Steinberg Urology: All About Kidney Stones
Kidney stones are small deposits or hard crystals forming inside your kidneys when minerals and salts in your urine bond together. Some kidney stones cause little or no symptoms, while others may pass through the urinary system that causes painful symptoms. The urologists at Steinberg Urology are experienced in the treatment of stones affecting both men and women, providing specialized diagnosis, treatment, and follow-up care, focusing on long-term health.
Are you at high risk of developing kidney stones? The possible causes and risk factors of kidney stones include certain diets (high in protein, oxalates, and stones like chocolates, nuts, and spinach), excess vitamin C or vitamin D intake, inflammatory conditions (chronic diarrhea, Crohn’s disease, and inflammatory bowel disease), family history of stone diseases, metabolic disorders (gout or hyperthyroidism), and obesity. The signs and symptoms of kidney stones include severe pain (located in the side or the back, radiating to the abdomen and the groin area), painful urination, frequent need to urinate, urinary urge, blood in the urine (hematuria), foul smelling urine, nausea and vomiting, and fever (stone causing infection). The common diagnostic tools for kidney stones include CT scan, ultrasound, x-ray, urinalysis, and blood work to determine excessive uric acid or calcium. Small kidney stones can pass through the urinary tact with the help of pain relievers (acetaminophen), alpha blockers (to relax ureters to allow passing of stones with lesser pain), and increased fluid intake (to flush stones). You may be asked by your urologist to use a special strainer to catch the kidney stones or fragments to determine what type of stones you have to help in the management of your kidney stones that may form in the future.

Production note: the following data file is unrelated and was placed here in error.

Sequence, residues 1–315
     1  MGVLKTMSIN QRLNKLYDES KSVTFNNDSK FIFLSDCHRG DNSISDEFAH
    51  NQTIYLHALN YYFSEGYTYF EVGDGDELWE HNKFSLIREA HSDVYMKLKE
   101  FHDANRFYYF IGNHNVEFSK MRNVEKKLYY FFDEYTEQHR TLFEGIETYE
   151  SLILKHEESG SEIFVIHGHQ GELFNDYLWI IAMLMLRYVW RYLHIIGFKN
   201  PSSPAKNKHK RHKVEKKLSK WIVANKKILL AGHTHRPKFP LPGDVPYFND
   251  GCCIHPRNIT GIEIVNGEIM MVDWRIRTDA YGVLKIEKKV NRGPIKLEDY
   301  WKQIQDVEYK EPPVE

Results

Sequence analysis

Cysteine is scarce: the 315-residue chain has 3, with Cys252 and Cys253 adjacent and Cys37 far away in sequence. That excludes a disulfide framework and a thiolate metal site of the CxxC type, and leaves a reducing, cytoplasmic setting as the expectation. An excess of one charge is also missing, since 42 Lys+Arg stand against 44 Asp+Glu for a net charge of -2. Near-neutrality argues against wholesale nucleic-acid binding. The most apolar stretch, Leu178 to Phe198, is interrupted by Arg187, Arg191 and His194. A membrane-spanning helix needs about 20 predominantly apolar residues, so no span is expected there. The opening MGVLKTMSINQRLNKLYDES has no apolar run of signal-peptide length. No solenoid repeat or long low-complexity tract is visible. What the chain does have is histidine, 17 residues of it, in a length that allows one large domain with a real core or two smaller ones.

When it comes to the kidney stones, there are different types such as calcium-oxalate, struvite stones, uric acid stones, and cystine stones. The most common type of kidney stones are calcium-oxalate caused by oxalate-rich foods such as spinach, kale, chocolate, strawberries, nuts, and tea, high in salt food, and certain medications. Struvite stones grow very large, causing infection, and it affects both men and women. Uric acid is a waste product of the body found in the urine and uric acid stones may form because of excessive intake of animal protein like red meat. Shock wave lithotripsy refers to a non-invasive procedure for removing smaller stones (less than 10mm in diameter). Allow us to help you find an expert and experienced urologist through Steinberg Urology today.